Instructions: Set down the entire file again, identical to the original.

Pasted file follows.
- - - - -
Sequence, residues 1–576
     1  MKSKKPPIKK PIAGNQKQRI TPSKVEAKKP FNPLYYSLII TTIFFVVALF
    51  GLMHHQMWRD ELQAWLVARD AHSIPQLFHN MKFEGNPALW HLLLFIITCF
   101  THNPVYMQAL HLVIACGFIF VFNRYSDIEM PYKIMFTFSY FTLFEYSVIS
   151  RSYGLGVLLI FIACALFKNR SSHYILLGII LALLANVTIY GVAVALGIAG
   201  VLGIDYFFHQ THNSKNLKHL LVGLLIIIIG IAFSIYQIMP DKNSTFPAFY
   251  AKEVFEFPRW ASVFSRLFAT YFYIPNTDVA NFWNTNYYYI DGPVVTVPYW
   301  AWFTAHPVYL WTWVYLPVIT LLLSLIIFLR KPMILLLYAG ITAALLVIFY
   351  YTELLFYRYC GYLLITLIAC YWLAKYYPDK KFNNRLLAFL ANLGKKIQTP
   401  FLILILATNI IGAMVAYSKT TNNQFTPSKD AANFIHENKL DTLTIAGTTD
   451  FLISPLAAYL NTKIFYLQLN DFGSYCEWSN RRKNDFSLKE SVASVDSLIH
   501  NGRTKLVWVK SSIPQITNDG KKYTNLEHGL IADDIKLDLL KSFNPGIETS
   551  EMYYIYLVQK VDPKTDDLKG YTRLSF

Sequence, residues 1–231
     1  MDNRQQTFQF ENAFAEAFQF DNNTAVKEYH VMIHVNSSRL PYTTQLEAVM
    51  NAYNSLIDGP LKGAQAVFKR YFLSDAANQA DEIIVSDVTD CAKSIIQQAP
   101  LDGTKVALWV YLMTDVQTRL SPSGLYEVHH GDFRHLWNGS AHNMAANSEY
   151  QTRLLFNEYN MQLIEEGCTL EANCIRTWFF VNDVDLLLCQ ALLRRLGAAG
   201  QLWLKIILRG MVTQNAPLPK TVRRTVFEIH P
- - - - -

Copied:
Sequence, residues 1–576
     1  MKSKKPPIKK PIAGNQKQRI TPSKVEAKKP FNPLYYSLII TTIFFVVALF
    51  GLMHHQMWRD ELQAWLVARD AHSIPQLFHN MKFEGNPALW HLLLFIITCF
   101  THNPVYMQAL HLVIACGFIF VFNRYSDIEM PYKIMFTFSY FTLFEYSVIS
   151  RSYGLGVLLI FIACALFKNR SSHYILLGII LALLANVTIY GVAVALGIAG
   201  VLGIDYFFHQ THNSKNLKHL LVGLLIIIIG IAFSIYQIMP DKNSTFPAFY
   251  AKEVFEFPRW ASVFSRLFAT YFYIPNTDVA NFWNTNYYYI DGPVVTVPYW
   301  AWFTAHPVYL WTWVYLPVIT LLLSLIIFLR KPMILLLYAG ITAALLVIFY
   351  YTELLFYRYC GYLLITLIAC YWLAKYYPDK KFNNRLLAFL ANLGKKIQTP
   401  FLILILATNI IGAMVAYSKT TNNQFTPSKD AANFIHENKL DTLTIAGTTD
   451  FLISPLAAYL NTKIFYLQLN DFGSYCEWSN RRKNDFSLKE SVASVDSLIH
   501  NGRTKLVWVK SSIPQITNDG KKYTNLEHGL IADDIKLDLL KSFNPGIETS
   551  EMYYIYLVQK VDPKTDDLKG YTRLSF

Sequence, residues 1–231
     1  MDNRQQTFQF ENAFAEAFQF DNNTAVKEYH VMIHVNSSRL PYTTQLEAVM
    51  NAYNSLIDGP LKGAQAVFKR YFLSDAANQA DEIIVSDVTD CAKSIIQQAP
   101  LDGTKVALWV YLMTDVQTRL SPSGLYEVHH GDFRHLWNGS AHNMAANSEY
   151  QTRLLFNEYN MQLIEEGCTL EANCIRTWFF VNDVDLLLCQ ALLRRLGAAG
   201  QLWLKIILRG MVTQNAPLPK TVRRTVFEIH P